SEOUL (Reuters) - North Korea has done its best to butter up Google Inc. (GOOG.O) ahead of Executive Chairman Eric Schmidt’s visit that started on Monday, even to the extent of setting up a gmail account for its state news agency KCNA at firstname.lastname@example.org.
Sadly, the Hermit Kingdom’s chosen email address doesn’t work as it is short of the minimum six characters required for a Google account.
If Schmidt, on a private visit with Google executive Jared Cohen and New Mexico Governor Bill Richardson, does access the Internet in his foreigners-only hotel, he’s likely to find a similar experience to that in Google’s Silicon Valley home.
Maxim Duncan, a Reuters correspondent who was in Pyongyang in 2010 and 2012, said speeds on systems set up for visiting foreign journalists were faster than those he was used to in China and that no sites were blocked.
“China correspondents were amused they could tweet in North Korea but not in China,” he said.
Schmidt may even come across a North Korean tablet that was unveiled last year and runs Google’s Android operating system, although the tablet is likely a knock-off of a cheap Chinese clone, according to Martyn Williams, a technology journalist who runs the North Korea Tech blog (www.northkoreatech.org).
But he will only get a glimpse of what experience of the web is like for the small elite that is granted access if he looks at the local Internet, essentially a North Korean-only Intranet that blocks access to the outside world.
“If he types in google.com, he won’t be able to reach it,” said Williams, who has visited the North, a reclusive state that has been run by the Kim family since it was established in 1948 and where Amnesty International says 250,000 people are imprisoned in forced labour camps for political crimes.
Even the local Intranet is limited to the politically sound among the 24 million strong population, according to Kim Heung-kwang, a North Korean computer engineering expert who defected to South Korea in 2004.
“I think around 100,000 people can use Intranet. There’s a North Korean version of portal service called “Naenara” (My Country) and people can download content posted there,” he said.
“People could do emails and chats until 2008, then the government shut down these services... (Now) It’s all about digital content from propaganda papers such as Rodong Sinmun (the main ruling party daily) or little games.”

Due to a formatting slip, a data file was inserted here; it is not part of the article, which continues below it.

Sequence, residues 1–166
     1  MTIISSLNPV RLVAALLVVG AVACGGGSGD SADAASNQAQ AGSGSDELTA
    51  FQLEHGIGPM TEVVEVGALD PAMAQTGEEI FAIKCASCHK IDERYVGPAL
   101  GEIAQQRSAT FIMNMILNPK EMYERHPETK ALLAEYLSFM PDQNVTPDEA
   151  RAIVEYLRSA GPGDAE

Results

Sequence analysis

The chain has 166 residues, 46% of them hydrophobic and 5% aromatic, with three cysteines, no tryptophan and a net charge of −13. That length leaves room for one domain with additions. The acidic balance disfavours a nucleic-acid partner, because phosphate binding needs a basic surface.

According to North Korean law, the punishment for using anti-regime or “bourgeois” cultural content ranges from three months to two years of hard labour. In severe cases, the code allows up to five years of re-education through labour.
That is in sharp contrast to China, where social networking sites like Sina Corp’s (SINA.O) hugely popular Weibo regularly carry stinging criticism of low-level officials and corruption, although China censors access to many websites.
North Korea’s economy, burdened by the cost of maintaining 1.2 million strong armed forces, and both nuclear weapons and rocket development programmes, is around 1/40th the size of South Korea’s.
Its Internet is similarly stunted. The North has registered just over 1,000 IP addresses, according to industry estimates compared with more than 112 million in neighbouring South Korea and more than 1.5 billion in the United States.
While North Korea’s IT hardware skills are primitive, its software industry has had some successes.
There’s even a “Pyongyang Racer” computer game launched in 2012 and a software company called Nosotek also develops games and other applications at a fraction of the cost of other firms.
Another area of software development has also seen success for the North - malware - the malignant software that allowed North Korea to carry out a 10-day denial of service attack on South Korea in 2011.
Computers in the South from the government, military and financial services sector were targeted in an attack that antivirus firm McAfee, part of Intel Corp, dubbed “Ten Days of Rain” and which it said was a bid to probe the South’s computer defences in the event of a real conflict.
“Cyberspace in North Korea is just a tool to attack and destroy enemies, not a space for sharing information,” said Jang Se-yul, a former North Korean soldier who went to a military college to groom hackers and who defected to the South in 2008.
Google’s Cohen, who espoused the power of Twitter in the “Arab Spring” revolutions and during protests in Iran, also looks set to encounter the limits of freedom and technology in his trip to the North.
Cohen held a well-publicised meeting with North Korean defectors last year which Schmidt also attended. Google itself hosted a dozen North Korean government officials the year before, according to people involved with the trip, although the technology giant declined comment when asked to confirm it.
A surge in 3G cellphone usage to more than a million users in a service run by Egypt’s Orascom Telecom Media Technology OTMT.CA had triggered hopes among observers that technology could also crack the edifice of North Korea’s one-party state now ruled by the third generation of the Kim family.
But even a million cellphones is only 4 percent of the population and the network is tightly controlled, so users can only talk to others on the same network.
Suh Yoon-hwan, a researcher at the Database Center for North Korean Human Rights, who surveyed more than 1,000 defectors who arrived in South last year, said the Internet was a dream for ordinary North Koreans.
“Even cellphones aren’t working well. And these are mostly for a limited group of people like traders or Chinese in North Korea,” said Suh.
“At the moment, people like thumbdrives, rather than CD-Roms because they are bigger capacity and smaller size. They watch South Korean soap operas or movies.” (Editing by Ron Popeski)